The alliances between U.S. and Chinese companies in the area of artificial intelligence (AI) could receive greater scrutiny by the U.S. government, which could threaten practices that have long been the standard for technology companies.
Reuters reported that while government reviews for national security reasons have been focused on investment deals and takeovers, the expansion into looking at tech partnerships is being urged by some members of Congress and the Trump Administration, who are concerned about the theft of intellectual property and technology being transferred abroad.
AI is of particular interest because it has use for the military, sources told Reuters. The U.S. government could also increase scrutiny of the semiconductor and self-driving markets, although the idea is in the early stages and may not move forward. But if there was an effort to end partnerships between Chinese and U.S.-based technology companies, it could have an impact across the entire tech landscape.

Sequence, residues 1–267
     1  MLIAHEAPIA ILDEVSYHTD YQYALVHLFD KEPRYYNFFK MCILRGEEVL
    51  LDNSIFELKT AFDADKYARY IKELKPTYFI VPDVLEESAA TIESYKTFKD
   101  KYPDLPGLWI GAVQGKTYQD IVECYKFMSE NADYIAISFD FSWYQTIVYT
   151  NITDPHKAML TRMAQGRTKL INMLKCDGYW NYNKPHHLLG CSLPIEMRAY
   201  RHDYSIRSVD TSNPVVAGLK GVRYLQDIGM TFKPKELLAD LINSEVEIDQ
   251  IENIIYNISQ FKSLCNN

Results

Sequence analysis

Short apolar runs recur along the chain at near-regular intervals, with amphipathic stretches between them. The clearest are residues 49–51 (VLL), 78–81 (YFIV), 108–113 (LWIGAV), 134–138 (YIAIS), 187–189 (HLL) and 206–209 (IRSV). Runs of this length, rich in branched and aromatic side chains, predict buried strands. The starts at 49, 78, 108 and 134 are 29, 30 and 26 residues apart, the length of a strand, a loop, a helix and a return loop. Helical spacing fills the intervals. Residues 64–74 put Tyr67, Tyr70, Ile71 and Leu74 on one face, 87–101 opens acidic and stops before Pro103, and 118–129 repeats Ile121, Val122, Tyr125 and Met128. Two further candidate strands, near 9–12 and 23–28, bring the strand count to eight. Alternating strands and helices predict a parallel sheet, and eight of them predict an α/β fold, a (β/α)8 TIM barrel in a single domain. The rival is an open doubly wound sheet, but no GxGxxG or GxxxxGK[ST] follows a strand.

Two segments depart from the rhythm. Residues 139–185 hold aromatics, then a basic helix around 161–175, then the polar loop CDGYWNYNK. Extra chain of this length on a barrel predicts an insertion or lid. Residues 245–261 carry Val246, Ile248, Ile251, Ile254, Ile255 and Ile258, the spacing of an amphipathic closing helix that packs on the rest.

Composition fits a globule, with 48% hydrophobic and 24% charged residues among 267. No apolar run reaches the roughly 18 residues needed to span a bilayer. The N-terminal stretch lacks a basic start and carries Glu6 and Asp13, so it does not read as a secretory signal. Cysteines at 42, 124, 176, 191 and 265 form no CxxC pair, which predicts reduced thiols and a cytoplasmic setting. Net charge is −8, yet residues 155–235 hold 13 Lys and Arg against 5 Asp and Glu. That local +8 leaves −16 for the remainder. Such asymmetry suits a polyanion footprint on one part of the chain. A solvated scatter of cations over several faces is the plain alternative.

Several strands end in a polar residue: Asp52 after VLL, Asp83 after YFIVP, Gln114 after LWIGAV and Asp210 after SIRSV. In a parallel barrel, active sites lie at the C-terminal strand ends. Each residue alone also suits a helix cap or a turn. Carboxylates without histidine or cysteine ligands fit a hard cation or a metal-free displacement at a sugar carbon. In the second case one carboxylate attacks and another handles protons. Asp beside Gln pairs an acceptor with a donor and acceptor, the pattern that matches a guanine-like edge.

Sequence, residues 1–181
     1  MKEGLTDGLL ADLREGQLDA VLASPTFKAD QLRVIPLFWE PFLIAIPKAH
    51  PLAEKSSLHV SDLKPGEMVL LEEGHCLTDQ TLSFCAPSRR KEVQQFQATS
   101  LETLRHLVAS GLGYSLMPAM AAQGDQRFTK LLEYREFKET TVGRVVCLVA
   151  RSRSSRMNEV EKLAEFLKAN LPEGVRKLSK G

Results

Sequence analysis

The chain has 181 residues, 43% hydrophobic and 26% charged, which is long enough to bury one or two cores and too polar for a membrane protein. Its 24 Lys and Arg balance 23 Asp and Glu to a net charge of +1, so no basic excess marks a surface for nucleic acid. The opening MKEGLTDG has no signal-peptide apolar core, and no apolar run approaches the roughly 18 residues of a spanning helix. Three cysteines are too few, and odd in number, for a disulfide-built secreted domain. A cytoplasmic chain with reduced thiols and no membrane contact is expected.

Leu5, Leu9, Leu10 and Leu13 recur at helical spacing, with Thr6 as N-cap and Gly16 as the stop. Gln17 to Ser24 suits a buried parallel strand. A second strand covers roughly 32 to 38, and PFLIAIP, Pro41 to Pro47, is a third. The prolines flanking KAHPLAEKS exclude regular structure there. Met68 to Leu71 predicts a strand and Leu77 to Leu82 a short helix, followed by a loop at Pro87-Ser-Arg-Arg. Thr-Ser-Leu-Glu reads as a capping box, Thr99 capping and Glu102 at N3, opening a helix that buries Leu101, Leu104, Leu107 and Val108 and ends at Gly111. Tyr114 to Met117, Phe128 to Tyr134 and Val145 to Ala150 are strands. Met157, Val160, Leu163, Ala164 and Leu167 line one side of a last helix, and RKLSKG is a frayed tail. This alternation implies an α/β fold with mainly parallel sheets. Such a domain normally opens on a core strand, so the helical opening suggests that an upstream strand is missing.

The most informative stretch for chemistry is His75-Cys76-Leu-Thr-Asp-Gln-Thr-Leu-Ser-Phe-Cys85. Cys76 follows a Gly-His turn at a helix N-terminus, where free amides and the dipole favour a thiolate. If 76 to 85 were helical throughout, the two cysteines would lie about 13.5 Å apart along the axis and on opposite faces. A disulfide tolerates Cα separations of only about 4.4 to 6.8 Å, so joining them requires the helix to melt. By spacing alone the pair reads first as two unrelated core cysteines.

Reuters pointed out that Advanced Micro Devices, Qualcomm, Nvidia and IBM all conduct activity in China, including research labs and training initiatives that collaborate with Chinese companies. Additionally, Chinese companies and institutions are big customers of these technology companies, and top talent in high-tech areas like AI and chip design is shared between companies and universities in China and the U.S.
“I don’t see any alternative to having a stronger (regulatory) regime, because the end result is, without it, the Chinese companies are going to get stronger,” said one of the sources, who is advising U.S. lawmakers on efforts to revise and toughen U.S. foreign investment rules. “They are going to challenge our companies in 10 or 15 years.”
Reuters noted that the U.S. can end the cooperation via an executive order if Trump invokes the International Emergency Economic Powers Act, which would give the White House power to stop and/or review informal corporate partnerships between a U.S. and a Chinese company. It would also be able to prevent any Chinese investment in a U.S. technology company or prevent the purchases of real estate near sensitive U.S. military sites by the Chinese.